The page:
OCR AS Physics

Revision Notes

4.9.10 Determining the Speed of Sound in Air in a Resonance Tube

Determining the Speed of Sound in Air in a Resonance Tube

Aims of the Experiment

  • The aim of the experiment is calculate the speed of sound in air using a tuning fork and a tube of water


  • Independent variable = Air level in the tube
  • Dependent variable = Length of the air column in the tube where resonance occurs, L
  • Control variables:
    • Temperature of the water
    • Frequency of the tuning fork

Equipment List

  • Tuning fork (with known frequency)
  • Small hammer
  • Tube open at both ends
  • Clamp stand and boss
  • Water (room temperature)
  • Rubber band or marker pen
  • Cylindrical beaker


  1. Set up the equipment and fill up the beaker halfway with water
  2. Place the tube inside the beaker, so the water comes up a quarter of the way. The side of the tube in the water acts as a closed-end
  3. Hold the tuning fork above the open end of the tube and strike it lightly with the small hammer
  4. Slowly lower the tube into the water by loosening the clamp until the intensity of sound is amplified
  5. When resonance (loudest sound) is heard, mark the water level with a rubber band or marker pen. Record this as L1
  6. Then, lower the water further until the next point of resonance is heard and mark it. Record this as L2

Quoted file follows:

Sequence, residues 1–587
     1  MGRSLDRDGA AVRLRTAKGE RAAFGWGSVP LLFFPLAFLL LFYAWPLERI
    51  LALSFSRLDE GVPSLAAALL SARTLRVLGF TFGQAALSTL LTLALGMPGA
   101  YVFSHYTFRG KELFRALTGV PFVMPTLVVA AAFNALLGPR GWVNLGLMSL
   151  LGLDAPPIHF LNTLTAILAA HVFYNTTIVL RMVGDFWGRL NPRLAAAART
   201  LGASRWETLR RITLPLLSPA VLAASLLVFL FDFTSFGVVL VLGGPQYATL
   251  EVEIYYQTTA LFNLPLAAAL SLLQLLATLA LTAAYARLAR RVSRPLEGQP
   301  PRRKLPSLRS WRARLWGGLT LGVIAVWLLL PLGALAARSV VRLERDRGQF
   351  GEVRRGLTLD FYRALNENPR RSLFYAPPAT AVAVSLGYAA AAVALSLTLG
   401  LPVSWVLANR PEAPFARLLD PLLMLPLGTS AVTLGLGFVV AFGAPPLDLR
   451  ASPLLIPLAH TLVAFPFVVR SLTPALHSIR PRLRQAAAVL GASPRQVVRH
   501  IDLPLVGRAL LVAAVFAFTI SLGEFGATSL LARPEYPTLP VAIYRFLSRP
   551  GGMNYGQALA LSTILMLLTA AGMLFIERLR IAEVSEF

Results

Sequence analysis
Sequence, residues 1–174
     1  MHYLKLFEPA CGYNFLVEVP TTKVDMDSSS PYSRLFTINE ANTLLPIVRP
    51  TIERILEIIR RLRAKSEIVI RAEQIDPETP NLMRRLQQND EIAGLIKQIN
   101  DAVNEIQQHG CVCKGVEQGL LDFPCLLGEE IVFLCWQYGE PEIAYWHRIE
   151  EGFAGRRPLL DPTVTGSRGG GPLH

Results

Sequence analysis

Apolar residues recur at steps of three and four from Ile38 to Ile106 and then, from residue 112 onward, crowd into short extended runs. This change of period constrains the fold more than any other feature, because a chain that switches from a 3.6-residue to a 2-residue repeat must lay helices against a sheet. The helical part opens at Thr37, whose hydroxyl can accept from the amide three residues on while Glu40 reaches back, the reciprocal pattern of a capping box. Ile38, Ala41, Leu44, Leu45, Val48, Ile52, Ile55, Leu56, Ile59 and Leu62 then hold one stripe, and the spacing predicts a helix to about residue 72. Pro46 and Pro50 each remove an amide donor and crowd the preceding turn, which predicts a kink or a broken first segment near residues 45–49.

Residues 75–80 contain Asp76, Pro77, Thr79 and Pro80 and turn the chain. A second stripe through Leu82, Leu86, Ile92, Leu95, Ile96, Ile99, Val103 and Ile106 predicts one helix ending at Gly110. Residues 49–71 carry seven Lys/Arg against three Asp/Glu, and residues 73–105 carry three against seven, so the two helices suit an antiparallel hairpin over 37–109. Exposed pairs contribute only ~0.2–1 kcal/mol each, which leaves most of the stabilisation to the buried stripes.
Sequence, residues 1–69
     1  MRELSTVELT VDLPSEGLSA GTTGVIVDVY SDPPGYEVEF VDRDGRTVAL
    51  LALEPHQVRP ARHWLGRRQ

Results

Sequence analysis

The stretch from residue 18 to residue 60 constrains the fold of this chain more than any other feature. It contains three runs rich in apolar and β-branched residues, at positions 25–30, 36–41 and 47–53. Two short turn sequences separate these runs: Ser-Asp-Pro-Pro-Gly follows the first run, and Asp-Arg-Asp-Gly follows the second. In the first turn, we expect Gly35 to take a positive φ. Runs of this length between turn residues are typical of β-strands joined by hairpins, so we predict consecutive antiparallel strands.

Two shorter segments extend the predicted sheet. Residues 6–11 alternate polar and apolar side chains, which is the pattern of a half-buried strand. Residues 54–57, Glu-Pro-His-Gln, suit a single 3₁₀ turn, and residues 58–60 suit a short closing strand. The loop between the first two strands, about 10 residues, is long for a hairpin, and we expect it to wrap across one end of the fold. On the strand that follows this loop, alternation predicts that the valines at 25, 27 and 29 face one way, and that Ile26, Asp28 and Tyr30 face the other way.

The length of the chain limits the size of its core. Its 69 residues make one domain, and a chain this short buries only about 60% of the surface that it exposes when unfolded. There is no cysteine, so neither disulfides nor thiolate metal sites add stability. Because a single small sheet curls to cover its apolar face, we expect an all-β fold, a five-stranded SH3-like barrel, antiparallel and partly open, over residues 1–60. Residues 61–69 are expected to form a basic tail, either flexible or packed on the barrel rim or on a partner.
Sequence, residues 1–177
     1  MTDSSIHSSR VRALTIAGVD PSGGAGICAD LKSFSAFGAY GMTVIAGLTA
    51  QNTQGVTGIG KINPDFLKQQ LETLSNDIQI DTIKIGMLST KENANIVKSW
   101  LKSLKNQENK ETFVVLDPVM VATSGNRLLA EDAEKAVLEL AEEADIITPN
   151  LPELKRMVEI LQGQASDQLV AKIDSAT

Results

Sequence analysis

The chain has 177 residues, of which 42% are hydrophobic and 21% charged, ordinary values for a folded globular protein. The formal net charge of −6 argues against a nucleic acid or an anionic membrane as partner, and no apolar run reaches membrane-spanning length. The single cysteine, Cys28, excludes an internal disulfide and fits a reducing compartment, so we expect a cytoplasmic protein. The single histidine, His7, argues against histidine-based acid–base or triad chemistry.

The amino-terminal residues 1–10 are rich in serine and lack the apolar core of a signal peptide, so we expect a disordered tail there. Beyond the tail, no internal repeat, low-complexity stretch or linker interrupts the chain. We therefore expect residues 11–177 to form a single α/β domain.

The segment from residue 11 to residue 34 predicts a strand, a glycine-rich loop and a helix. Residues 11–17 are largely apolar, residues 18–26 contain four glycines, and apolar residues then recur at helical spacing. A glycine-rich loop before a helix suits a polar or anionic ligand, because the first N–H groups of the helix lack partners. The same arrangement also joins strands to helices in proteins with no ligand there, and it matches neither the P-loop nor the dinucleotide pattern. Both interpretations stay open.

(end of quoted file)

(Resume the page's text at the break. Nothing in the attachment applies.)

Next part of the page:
7. Keep going in this manner as far as possible

Analysis of Results

  • Resonance should occur when the open tube length L is equal to λ / 4, 3λ / 4 and 5λ / 4
    • The loudness of the sound in the tube from the fork will be small at the node of the sound wave
    • The sound will be the loudest at the antinode of the sound wave
  • At L1 the wavelength is λ / 4
  • At L2 the wavelength is 3λ / 4

L2 – L1 = λ / 2

  • Therefore, the wavelength of the sound λ is equal to:

λ = 2(L2 – L1)

  • Another value of λ could also be found from the distance between L3 and L2 and a mean wavelength can be calculated
  • From the wave equation:

v = fλ

  • The speed of the sound wave, v, can found from the product of the frequency f of the tuning fork and the wavelength λ calculated

Evaluating the Experiment

Systematic Errors:
  • The tuning fork should be struck at the same place above the tube each time
  • The tuning fork should be struck with the same force each time
Random Errors:
  • Make sure the marker is a thin line to get a more accurate reading of the water level
  • Submerge the tube into the water slowly, so the antinode of the sound wave (loudest sound) is not missed
  • Repeat the experiment to record more reliable readings, since the point where the sound is the loudest is subjective
  • Using a resonance tube with a scale will help account for error when measuring the length of the air column within it

Safety Considerations

  • Don’t let the tuning fork touch the tube, since the vibrations could break or crack it
  • Make sure the water is at room temperature, and not too hot or cold
  • Make sure no electrical equipment is near the water, otherwise they could be damaged

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